Plenty of funny posts on there about the “petriarchy” and how “Hello Kitty” is an unrealistic beauty standard, and how Tom is always demonized in Tom and Jerry because of RodentPriviledge. And some pushback, some from funny people pretending to be or defend DOGS from all the unfair pro-cat hate, and some from real feminists butt-hurt they are being mocked. My favorite response to this is when one of them complained a day or two ago and his own words were parroted back at him by an ostensible cat.

  6. Now as to my bone to pick with you: guns.
    Let’s ignore the fact that the majority of deaths and injuries in this tragedy were caused by a knife or knives and the car.
    Fair enough, in hindsight, he shouldn’t have gotten guns.
    But he got them legally after passing background checks.
    Remember Rodger had HELP – not just access to help – but was actively BEING helped when this rampage occurred. His parents had been trying to help him via assisted living and etc for years.

    Let me “pull a number out of my butt”. Lets say for the sake of argument that 1/1000 people who are currently legally prevented from getting guns due to mental illness might SNAP and commit some big act of violence. This seems to match the real world incidence of these rare occurrences and often we find they weren’t getting the mental health help they needed. Rodgers was getting such help. In spades. I’d say to “pull another number…” that 1 out of one million mentally ill people in Rodgers situation might do what he did. I think we can both agree that we aren’t talking about a ‘big problem’ here.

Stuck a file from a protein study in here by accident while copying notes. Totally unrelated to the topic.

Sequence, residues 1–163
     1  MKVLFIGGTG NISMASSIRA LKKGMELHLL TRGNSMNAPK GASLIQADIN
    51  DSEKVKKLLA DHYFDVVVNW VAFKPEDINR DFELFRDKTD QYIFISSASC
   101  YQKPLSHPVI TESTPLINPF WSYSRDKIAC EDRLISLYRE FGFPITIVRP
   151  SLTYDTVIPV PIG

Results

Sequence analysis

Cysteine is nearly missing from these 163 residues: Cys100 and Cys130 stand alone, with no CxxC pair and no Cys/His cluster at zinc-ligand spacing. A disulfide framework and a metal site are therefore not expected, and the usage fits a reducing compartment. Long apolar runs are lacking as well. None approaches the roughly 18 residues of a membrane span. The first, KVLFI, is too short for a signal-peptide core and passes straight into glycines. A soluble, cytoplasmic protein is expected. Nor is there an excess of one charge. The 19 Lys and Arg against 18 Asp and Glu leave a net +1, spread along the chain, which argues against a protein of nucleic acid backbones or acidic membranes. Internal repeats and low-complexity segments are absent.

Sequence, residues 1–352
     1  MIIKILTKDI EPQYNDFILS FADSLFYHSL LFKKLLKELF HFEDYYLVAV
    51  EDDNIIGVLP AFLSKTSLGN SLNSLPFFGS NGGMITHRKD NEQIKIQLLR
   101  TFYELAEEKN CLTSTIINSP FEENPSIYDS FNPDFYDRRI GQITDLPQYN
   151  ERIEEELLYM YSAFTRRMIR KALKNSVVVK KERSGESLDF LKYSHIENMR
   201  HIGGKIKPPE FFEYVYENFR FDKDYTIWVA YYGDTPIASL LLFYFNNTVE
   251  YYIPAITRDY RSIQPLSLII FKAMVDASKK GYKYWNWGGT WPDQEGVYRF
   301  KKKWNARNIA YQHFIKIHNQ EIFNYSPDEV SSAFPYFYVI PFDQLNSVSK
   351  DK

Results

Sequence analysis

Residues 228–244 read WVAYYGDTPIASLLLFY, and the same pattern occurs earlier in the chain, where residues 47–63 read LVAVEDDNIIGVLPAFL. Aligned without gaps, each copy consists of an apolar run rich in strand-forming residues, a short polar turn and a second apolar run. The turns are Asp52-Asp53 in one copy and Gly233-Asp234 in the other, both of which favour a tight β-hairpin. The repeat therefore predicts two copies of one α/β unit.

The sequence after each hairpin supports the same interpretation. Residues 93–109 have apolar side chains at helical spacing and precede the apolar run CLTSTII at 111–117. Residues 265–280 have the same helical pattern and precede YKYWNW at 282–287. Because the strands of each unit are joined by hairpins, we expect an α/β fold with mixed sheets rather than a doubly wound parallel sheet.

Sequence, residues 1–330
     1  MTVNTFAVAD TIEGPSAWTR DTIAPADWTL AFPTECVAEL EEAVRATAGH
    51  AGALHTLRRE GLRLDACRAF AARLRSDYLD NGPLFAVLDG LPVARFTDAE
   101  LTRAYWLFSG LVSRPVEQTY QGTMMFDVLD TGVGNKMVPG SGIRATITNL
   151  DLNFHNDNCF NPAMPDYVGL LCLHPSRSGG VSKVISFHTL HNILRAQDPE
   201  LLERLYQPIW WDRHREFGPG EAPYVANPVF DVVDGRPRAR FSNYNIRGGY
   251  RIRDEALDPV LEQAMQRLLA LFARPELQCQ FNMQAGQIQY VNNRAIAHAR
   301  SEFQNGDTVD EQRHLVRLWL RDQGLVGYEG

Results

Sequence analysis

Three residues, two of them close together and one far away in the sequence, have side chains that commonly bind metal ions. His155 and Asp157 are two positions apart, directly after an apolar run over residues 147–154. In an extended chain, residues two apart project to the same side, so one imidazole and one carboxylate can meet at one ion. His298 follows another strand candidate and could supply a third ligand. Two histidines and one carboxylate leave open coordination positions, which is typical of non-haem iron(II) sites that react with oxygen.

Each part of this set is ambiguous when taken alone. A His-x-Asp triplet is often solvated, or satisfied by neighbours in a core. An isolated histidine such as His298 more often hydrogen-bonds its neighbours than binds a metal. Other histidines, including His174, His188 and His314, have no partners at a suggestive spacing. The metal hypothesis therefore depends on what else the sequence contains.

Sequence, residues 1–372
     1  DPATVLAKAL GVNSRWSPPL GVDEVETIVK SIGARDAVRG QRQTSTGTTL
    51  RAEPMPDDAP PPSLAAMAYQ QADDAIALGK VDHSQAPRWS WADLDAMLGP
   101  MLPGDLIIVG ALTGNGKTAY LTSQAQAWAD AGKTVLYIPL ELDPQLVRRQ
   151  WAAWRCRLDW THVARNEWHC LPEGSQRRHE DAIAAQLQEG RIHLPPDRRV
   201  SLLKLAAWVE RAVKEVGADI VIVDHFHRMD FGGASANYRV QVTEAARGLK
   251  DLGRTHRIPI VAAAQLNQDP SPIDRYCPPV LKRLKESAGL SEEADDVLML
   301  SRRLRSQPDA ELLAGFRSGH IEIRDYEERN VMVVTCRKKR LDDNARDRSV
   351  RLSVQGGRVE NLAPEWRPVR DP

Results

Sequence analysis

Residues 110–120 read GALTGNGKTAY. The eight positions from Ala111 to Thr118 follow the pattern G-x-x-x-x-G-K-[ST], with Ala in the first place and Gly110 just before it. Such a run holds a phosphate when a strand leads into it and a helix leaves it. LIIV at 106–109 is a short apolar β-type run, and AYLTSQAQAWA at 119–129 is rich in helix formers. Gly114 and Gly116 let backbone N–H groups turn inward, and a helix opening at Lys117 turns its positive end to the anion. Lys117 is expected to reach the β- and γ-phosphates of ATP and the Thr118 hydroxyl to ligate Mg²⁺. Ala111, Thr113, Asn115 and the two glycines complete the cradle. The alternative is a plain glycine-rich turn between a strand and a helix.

I suppose you could change the law in California (already one of the toughest in the country) to say that anyone who has ever been proscribed an anti-psychotic for any reason (Rodgers was prescribed one and did not take it) can’t get a gun. Because Rodgers passed all the current background checks. It wasn’t that the gun dealer didn’t do his /her due diligence.

    But then I start to think about how much damage COULD be done in a car, and I start to wonder if we should let anyone who has ever been prescribed (once again to cover our political asses we’ll make it for ANY reason…no need for nuance when we defend the children!)an anti-psychotic drive.
    But then I get to thinking: why stop there? Sometimes depressed people kill not only themselves but take others with them. Maybe we should ban firearms/driving from anyone who has ever been proscribed an anti-depressant….

    Now, more to the point it’s not like ‘gun free’ zones are such places of security and warmth. I currently live in Baltimore city and loathe it because of the utter hypocrisy and stupidity in their policies. I can’t have taser, pepper spray, nor can I carry a handgun. Meanwhile this city (though it varies by neighborhood, sometimes tremendously I’ll just talk as a whole) is probably the most unsafe place in Maryland. Because of all the illegal guns and the illegal drugs.